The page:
Q: How would you describe the current status of Mexican airlines and airports in comparison to the rest of the Americas?
A: Generally speaking, Latin American carriers are doing a superb job and the market has been supportive in terms of growth. The airlines’ corporate strategy and discipline have boosted the sector and carriers co-exist amid intense competition. The region is emerging in recent years with new models of operations, consolidations, mergers and strategic alliances. States must continue facilitating the development of the aviation industry. There is a market of more than 600 million people with an average growth per year of 8 percent so without a doubt the potential is enormous. But States must work to modernize airport infrastructure, control operating costs, adopt international best practices and apply smart regulation.
Only by adapting these policies will airlines be able to absorb this market growth. The main airports in the region must be able to handle large volumes of point-to-point and connecting passengers through efficient mechanisms that allow airlines to invest in their development with a long-term vision, respecting the airlines' financial health but also passenger rights, and in security schemes while avoiding the pitfalls of an overregulated market. Given operational, capacity and cost conditions, the region has the potential to double its aviation industry in the next 15 years.
Q: Which areas should be strengthened to support the growth of aviation in Mexico?
A: The areas that should be strengthened are overall airport infrastructure, slot regulation aligned to international best practices, technology that allows efficient processes and smart regulation. This not exclusive to Mexico or any other specific country in the region.
Q: What steps is IATA implementing to guide its airlines to adhere or subscribe to environmental practices?
A: The airline industry was the first industry to make commitments on its own to reduce carbon emissions with a calendar for reducing our carbon footprint. Our industry has a four-pillar strategy on climate change, comprising improvements in technology, operations and infrastructure.
In addition, we have supported the implementation of the Carbon Offsetting Scheme for International Aviation (CORSIA), in which aircraft operators will be required to purchase offsets, or “emission units,” for the growth in CO2 emissions covered by the scheme.
CORSIA was adopted in 2016 during the ICAO assembly by member States. By the end of the assembly, 65 States had already volunteered to implement the scheme from its outset, covering approximately 80 percent of CO2 growth in 2021-2035. The historic significance of this agreement cannot be overestimated. CORSIA is the first global scheme covering an entire industrial sector. The CORSIA agreement has turned years of preparation into an effective solution for airlines to manage their carbon footprint.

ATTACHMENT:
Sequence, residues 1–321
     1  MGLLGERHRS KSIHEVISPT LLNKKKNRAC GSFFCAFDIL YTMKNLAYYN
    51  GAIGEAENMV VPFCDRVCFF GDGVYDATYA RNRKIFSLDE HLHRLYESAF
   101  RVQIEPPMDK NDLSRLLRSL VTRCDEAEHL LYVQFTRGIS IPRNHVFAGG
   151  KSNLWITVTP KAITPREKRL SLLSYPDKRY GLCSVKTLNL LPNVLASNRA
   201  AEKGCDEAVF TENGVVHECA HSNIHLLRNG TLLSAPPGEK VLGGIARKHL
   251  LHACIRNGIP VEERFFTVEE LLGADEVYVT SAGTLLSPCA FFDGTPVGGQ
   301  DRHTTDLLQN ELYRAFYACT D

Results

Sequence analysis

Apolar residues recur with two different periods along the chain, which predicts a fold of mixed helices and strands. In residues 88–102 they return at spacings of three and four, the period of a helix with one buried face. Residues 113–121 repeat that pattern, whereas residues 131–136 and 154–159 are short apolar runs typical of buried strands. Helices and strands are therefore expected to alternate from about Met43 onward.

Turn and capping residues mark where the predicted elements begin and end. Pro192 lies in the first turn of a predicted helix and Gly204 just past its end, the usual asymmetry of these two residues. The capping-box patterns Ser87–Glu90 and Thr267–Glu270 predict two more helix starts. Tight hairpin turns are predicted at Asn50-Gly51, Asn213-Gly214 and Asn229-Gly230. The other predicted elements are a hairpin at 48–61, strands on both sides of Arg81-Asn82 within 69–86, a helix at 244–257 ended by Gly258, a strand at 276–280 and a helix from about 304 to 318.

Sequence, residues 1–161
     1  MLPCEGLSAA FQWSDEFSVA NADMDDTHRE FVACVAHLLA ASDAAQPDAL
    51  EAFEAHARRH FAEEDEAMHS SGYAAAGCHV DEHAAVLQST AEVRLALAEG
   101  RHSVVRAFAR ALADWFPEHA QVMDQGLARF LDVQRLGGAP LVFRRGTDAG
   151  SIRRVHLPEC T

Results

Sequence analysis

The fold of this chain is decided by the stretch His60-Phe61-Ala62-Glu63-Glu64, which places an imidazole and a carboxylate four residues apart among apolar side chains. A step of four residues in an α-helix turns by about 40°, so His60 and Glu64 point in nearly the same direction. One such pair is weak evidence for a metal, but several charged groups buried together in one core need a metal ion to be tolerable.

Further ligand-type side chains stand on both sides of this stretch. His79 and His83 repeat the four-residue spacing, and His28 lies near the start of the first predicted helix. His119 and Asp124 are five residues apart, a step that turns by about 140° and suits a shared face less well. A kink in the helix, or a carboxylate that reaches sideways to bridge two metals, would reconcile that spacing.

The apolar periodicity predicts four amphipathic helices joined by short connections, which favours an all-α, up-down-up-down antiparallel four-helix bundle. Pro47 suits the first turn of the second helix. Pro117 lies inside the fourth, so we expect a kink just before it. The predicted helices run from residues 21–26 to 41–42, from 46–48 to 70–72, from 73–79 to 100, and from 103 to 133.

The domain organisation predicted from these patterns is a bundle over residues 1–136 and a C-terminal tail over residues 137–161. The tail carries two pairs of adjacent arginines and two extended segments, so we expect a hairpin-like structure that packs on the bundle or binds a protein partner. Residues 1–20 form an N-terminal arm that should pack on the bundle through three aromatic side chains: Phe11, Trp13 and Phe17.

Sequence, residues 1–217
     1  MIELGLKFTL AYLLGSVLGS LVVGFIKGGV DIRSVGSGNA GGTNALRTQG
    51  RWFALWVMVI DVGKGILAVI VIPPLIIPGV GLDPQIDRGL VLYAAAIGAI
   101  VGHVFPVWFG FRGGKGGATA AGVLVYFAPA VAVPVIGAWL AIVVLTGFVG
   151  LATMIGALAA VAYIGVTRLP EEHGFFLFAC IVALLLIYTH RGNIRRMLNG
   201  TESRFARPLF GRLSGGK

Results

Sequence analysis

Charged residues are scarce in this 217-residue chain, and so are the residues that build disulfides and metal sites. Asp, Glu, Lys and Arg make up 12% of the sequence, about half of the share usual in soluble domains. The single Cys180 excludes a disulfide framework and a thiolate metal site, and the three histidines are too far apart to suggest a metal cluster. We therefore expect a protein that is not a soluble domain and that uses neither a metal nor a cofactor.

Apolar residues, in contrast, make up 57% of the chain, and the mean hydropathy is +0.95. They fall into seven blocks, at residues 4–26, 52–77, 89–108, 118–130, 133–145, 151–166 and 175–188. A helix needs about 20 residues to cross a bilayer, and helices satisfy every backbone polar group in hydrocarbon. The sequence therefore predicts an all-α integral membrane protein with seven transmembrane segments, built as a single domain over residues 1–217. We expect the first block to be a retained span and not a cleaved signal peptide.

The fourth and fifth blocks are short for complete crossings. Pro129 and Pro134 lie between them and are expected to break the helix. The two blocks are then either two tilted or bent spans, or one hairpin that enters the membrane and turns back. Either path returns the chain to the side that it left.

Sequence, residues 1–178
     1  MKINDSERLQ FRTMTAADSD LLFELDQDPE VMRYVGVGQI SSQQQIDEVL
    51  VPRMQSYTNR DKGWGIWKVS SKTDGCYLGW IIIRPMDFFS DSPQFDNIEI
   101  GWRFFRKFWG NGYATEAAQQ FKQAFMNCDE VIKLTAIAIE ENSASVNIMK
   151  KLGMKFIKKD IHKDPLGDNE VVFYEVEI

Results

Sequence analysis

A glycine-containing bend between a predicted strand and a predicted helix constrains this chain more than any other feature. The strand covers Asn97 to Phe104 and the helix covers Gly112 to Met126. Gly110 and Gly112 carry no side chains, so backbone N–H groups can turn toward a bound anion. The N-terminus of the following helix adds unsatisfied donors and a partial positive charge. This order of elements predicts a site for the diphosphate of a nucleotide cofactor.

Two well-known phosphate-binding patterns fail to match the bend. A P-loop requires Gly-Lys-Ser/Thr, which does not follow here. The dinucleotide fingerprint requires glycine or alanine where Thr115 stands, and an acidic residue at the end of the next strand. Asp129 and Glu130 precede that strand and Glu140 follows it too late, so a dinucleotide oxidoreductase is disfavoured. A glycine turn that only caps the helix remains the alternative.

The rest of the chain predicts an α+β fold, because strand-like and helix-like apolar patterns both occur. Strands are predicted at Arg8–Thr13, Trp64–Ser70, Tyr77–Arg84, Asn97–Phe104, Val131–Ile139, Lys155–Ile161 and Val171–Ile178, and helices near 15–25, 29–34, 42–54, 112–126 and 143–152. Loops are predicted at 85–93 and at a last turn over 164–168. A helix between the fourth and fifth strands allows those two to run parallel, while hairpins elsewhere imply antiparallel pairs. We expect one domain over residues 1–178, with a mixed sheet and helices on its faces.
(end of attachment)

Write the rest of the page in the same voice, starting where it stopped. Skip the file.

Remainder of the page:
Q: How does IATA negotiate with local governments to promote the sector and facilitate operations?
A: To generate strong partnerships with governments is one of IATA’s top priorities. The airline industry is unique and we have found that by working closely with governments our industry is able to provide the most value. It is no surprise that where the industry is producing the most economic and social benefits — in places such as Panama and in the Gulf region in the Middle East — there is a close partnership between airlines and local authorities. When we work together our industry drives additional economic development, trade and job creation and of course more travel destinations and flight frequencies for air travelers.
Q: How does IATA determine the necessary measures to undertake for safety and environmental protection?
A: All IATA members must participate regularly in the IATA Operational and Safety Audit. The program is an internationally recognized and accepted evaluation system designed to assess the operational management and control systems of an airline. The total accident rate for IOSA carriers between 2011 and 2015 was 3.3 times lower than the rate for non-IOSA operators. As such, IOSA has become a global standard, recognized well beyond IATA membership.